How to be Christian Without Being Religious
As the center of the Mediterranean world, Rome was a pivotal city in Paul’s mind. Already during the lifetime of Paul the Roman church, composed largely of Gentiles, was gaining prominence in the Christian world. This motivated Paul to write to it and visit it, so that it would be considered among his spheres of service and aid him in his projected mission to Spain.
With a population of about one million people, the city of Rome in the first century AD drew people from every corner of the Empire and beyond. From at least the third century BC Rome had been a drawing point for people of a variety of ethnic backgrounds. It is estimated that there were at least 40,000 Jews in Rome during the first century AD.
It is important to know that Roman religion was closely bound up with the government of Rome. The priests of this state religion served as advisors to the senate. On the hill known as Capitolium a large temple was dedicated to Jupiter, Juno and Minerva. Participation in religious ritual was a way of life for Romans. The possibility of choosing a religion and joining a group defined only for its religious identity was unknown.
Although Christianity first appeared as a sect of Judaism, the Roman church by the time of Paul’s initial visit (AD 60) was beginning to make the break with Judaism. The churches in Rome represented a body of Christianity that Paul could not ignore. Their strategic potential came from their close connection with Jerusalem, their location in the world capital, and their connections with the rest of the empire through people groups represented in Rome’s congregations.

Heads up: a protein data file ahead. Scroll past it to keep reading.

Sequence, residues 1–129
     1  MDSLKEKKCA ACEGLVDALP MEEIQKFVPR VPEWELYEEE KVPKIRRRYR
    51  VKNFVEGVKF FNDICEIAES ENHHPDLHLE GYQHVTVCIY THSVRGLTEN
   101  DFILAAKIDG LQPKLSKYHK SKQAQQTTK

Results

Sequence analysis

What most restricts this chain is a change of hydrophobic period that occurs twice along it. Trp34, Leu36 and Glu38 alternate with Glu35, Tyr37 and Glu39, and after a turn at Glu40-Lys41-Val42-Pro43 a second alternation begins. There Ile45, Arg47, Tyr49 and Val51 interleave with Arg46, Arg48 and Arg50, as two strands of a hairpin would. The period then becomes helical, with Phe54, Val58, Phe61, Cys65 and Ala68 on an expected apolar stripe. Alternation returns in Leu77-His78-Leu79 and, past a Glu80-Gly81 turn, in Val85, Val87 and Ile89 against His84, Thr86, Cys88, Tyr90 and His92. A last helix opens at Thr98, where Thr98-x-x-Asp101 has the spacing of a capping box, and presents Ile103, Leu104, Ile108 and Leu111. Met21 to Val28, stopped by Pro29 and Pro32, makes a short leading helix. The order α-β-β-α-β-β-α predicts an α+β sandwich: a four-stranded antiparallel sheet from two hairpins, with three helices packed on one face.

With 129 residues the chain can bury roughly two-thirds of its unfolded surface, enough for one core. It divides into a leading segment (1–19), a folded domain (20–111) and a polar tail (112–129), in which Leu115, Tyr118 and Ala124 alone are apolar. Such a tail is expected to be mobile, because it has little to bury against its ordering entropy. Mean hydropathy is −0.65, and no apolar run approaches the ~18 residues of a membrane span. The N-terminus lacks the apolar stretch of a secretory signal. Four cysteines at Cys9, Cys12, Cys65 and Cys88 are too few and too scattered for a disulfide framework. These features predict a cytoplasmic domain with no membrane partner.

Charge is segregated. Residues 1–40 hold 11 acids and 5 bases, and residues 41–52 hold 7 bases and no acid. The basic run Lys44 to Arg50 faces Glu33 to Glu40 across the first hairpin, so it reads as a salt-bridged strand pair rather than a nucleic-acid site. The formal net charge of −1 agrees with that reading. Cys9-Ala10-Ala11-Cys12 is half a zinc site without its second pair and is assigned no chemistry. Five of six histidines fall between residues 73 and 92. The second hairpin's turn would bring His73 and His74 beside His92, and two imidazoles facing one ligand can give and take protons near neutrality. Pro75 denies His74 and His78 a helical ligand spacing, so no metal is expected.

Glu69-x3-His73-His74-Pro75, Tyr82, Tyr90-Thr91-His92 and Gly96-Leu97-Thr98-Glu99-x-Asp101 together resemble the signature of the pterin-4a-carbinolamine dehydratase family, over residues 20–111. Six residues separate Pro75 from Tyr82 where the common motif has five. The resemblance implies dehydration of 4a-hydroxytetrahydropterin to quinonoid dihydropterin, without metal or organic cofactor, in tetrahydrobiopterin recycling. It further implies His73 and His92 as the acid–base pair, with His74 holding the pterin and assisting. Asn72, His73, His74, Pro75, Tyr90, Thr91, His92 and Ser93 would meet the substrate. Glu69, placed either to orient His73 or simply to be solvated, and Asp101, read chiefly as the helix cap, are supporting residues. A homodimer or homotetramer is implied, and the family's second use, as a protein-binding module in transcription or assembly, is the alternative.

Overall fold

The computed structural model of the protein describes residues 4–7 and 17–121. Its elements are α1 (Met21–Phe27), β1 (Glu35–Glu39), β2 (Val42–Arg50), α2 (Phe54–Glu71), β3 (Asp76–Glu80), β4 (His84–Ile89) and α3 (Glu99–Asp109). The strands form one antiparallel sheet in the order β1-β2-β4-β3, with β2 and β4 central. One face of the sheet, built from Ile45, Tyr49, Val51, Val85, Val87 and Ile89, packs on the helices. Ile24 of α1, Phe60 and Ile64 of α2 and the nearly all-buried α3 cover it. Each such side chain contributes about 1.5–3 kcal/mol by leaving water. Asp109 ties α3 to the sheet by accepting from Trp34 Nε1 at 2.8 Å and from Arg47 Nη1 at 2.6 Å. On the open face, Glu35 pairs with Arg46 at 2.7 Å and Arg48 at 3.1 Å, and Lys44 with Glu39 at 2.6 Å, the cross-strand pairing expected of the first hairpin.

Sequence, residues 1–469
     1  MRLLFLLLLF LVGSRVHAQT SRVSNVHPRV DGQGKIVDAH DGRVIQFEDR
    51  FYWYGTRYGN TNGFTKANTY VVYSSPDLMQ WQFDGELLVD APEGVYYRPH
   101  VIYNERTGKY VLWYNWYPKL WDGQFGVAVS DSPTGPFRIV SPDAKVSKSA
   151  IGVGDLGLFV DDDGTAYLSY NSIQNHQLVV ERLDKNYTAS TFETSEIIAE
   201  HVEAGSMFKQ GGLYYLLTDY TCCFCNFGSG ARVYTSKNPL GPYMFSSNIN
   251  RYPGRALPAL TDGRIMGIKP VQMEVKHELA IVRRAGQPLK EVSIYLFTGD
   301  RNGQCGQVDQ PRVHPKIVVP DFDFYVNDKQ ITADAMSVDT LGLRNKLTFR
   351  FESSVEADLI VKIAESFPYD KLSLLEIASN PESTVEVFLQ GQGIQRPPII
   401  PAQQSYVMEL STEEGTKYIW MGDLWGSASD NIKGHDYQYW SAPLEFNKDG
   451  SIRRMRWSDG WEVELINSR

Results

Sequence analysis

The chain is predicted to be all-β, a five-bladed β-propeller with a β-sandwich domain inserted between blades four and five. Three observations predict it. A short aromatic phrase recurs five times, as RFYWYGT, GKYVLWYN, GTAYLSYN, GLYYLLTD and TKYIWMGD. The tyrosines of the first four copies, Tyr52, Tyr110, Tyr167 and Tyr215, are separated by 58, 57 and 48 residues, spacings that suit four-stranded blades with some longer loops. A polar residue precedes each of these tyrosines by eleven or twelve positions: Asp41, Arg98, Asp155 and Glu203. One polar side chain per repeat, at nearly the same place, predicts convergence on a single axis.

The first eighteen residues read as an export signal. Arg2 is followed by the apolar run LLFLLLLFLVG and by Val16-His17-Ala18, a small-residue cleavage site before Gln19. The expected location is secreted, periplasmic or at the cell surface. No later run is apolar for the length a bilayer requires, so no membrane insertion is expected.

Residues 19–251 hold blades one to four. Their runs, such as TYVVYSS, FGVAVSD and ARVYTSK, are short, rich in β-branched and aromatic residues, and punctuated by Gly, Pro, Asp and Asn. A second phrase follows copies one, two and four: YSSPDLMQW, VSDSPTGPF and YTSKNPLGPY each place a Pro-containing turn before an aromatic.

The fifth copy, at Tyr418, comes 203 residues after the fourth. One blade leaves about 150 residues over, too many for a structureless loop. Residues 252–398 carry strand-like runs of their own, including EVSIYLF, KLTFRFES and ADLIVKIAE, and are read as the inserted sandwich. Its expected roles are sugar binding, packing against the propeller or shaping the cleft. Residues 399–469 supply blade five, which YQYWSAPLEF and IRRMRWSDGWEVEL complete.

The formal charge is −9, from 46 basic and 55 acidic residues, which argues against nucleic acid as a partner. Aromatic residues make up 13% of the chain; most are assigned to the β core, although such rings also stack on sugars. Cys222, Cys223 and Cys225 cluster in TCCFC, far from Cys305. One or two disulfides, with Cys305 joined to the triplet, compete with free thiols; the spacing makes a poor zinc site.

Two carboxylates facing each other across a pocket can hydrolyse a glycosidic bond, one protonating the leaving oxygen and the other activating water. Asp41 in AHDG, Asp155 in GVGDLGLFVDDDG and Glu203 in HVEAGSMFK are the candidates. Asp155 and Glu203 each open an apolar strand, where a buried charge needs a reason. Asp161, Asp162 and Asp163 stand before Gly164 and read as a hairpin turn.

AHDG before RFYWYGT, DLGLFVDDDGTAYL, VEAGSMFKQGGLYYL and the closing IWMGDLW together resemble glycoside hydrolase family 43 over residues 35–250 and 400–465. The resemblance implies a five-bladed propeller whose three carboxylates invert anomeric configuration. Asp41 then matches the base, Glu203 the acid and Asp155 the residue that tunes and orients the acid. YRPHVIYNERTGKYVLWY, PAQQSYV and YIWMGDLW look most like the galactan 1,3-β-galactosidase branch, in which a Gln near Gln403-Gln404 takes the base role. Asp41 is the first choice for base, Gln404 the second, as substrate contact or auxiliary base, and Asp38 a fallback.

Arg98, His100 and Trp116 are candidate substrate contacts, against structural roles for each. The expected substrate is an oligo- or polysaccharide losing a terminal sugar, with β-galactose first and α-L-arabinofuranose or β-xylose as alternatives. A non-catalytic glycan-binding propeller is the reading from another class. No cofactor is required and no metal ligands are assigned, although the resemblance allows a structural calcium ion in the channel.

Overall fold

It is generally accepted that Christianity in Rome arose not in a single church but in a plurality of house churches. Because of its likely origin in the synagogues of Rome, Jewish Christianity retained a close connection with its Jewish roots in Jerusalem. Since many Jews first came to Rome as slaves, it is likely that some of the Jews within the Roman churches were of the servile classes.
Though the church in Rome was not founded by an apostle, Paul is associated with its early history. As apostle to the Gentiles, he considered this within his sphere of ministry (Rom. 1:11-15). His relationship with Roman Christianity certainly bore fruit from his presence there and continues to do so through his letter to the Romans.
Paul arrived in Rome c. AD 60 (Acts 28:14-16) in order to stand trial before Nero’s representative, the Praetorian prefect. According to tradition Paul was freed after his first trial. It is then most likely that Paul was arrested and imprisoned again at Rome, where he was executed sometime between AD 64-67.
From “Rome and Roman Christianity” in Dictionary of Paul and His Letters, InterVarsity Press, 1963